Figure 1-5.

Volt box

2.

The volt box is a series string of resistors with the tie points

connected to binding posts. Range selection is accomplished by applying the

voltage to be measured to the appropriate binding post or by a switch

connected to the tie points. The voltage to be measured is applied across

the series resistors and a lower voltage, tapped from one of the tie points,

is measured by the potentiometer.

3.

The voltage to be measured is applied to one of the connections that

is equal to or greater than its value.

The output applied to the

potentiometer is taken from a binding post that is within its measuring

range. Although this system is sufficiently accurate for most applications,

it should be noted that the voltage divider consumes power from the source

even when the potentiometer is at null, and therefore may produce lower

readings due to the loading effect.

This effect can be reduced by using

high ohmic value resistors to make up the series of the volt box.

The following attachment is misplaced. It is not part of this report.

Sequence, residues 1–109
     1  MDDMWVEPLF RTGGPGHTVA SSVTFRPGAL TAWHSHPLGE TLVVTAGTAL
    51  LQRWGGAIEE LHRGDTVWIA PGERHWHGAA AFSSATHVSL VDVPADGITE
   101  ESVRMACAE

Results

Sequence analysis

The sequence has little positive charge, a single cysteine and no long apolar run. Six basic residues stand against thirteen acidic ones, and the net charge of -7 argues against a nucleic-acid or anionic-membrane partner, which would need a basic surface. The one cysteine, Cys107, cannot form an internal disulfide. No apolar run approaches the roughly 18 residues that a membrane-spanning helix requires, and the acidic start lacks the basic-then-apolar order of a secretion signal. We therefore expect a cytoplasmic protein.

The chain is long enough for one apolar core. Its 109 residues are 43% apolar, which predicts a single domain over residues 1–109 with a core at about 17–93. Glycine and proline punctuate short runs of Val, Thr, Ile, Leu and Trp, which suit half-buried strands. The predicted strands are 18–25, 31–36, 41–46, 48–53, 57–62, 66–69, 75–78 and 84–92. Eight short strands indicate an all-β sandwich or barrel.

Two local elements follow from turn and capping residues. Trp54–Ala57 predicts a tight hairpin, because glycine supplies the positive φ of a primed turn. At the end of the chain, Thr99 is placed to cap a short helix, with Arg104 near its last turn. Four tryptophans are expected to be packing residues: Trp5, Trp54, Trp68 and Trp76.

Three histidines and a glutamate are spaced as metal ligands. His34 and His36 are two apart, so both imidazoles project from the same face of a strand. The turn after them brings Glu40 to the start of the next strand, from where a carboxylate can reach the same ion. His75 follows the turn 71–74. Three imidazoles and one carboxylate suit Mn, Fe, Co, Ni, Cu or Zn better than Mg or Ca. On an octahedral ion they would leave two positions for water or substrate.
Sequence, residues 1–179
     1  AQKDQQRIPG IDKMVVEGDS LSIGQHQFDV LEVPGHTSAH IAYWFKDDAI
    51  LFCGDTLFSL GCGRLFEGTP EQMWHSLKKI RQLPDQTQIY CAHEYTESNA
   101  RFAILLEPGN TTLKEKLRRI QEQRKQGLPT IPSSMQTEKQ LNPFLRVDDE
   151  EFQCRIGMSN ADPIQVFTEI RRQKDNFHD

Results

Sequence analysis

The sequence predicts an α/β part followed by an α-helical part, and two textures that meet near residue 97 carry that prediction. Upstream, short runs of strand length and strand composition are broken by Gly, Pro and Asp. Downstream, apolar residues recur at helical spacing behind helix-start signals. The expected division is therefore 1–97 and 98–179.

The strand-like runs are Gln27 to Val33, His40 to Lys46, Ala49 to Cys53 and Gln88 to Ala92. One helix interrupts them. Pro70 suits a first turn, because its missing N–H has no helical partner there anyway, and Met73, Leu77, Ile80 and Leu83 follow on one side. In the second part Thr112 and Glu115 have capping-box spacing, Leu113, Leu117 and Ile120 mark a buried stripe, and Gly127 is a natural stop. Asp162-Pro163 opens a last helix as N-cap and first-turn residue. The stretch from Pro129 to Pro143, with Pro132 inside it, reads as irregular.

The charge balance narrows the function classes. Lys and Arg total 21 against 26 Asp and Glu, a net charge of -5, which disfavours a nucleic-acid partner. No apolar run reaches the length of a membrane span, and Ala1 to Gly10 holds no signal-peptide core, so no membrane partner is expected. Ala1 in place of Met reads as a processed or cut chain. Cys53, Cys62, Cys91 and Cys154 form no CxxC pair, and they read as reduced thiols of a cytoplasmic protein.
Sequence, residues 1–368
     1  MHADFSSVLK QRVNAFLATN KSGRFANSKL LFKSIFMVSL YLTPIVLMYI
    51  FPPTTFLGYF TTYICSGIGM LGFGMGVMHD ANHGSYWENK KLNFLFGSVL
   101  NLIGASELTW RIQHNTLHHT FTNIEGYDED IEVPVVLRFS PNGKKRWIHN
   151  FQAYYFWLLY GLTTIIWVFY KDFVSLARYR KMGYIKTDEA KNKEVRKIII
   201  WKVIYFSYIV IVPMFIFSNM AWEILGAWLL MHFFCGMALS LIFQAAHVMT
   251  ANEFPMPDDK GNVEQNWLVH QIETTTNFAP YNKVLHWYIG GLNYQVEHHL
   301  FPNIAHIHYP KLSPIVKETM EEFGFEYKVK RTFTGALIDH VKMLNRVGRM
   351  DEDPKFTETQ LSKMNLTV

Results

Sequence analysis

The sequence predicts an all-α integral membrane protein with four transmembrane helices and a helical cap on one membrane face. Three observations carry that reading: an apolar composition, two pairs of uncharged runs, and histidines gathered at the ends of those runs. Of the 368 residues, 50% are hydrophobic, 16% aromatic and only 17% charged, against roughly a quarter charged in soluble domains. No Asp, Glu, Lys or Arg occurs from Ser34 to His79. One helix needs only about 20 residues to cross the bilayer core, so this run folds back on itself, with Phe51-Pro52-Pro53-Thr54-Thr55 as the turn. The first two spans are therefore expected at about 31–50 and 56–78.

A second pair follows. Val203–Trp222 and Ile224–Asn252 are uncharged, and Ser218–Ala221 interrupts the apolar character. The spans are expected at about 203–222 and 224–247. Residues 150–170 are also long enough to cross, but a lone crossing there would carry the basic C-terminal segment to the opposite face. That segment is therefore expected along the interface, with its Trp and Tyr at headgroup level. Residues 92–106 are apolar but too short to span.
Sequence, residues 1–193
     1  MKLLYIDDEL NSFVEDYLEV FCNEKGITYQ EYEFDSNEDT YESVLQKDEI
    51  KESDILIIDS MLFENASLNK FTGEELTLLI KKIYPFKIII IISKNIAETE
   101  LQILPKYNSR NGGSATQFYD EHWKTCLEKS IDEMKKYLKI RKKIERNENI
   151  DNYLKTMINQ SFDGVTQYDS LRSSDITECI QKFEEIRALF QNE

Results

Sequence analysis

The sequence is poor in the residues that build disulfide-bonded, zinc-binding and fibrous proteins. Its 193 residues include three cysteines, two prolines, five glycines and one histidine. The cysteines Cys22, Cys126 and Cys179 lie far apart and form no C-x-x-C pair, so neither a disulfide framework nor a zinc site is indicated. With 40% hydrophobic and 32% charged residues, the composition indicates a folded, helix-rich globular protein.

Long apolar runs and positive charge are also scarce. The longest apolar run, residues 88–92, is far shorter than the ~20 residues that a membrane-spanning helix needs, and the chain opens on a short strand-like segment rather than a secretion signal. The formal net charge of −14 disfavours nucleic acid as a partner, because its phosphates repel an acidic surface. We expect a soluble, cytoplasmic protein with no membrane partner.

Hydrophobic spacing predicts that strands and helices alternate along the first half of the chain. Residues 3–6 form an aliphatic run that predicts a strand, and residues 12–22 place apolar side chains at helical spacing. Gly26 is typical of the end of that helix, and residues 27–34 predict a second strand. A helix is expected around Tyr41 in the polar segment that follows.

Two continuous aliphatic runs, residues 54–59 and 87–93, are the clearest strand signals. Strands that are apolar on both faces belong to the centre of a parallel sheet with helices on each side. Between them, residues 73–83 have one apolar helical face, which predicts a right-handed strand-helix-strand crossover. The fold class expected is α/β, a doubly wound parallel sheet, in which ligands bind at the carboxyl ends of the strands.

4.

To employ the standard potentiometric measuring technique, we must

first obtain a multiplication factor. To obtain the multiplication factor

of the individual input binding posts, you simply divide the maximum EMF of

the high binding post in use by the maximum of the low binding post in use.

Or stated as a formula:

multiplication factor = EMF max

EMF min

a. We also use the multiplication factor to determine the approximate

voltage present at the low EMF terminal when a voltage other than the

maximum is applied to the input binding posts. To make this determination,

divide the applied voltage by the multiplication factor, or simply:

approximate output =

applied voltage

multiplication factor

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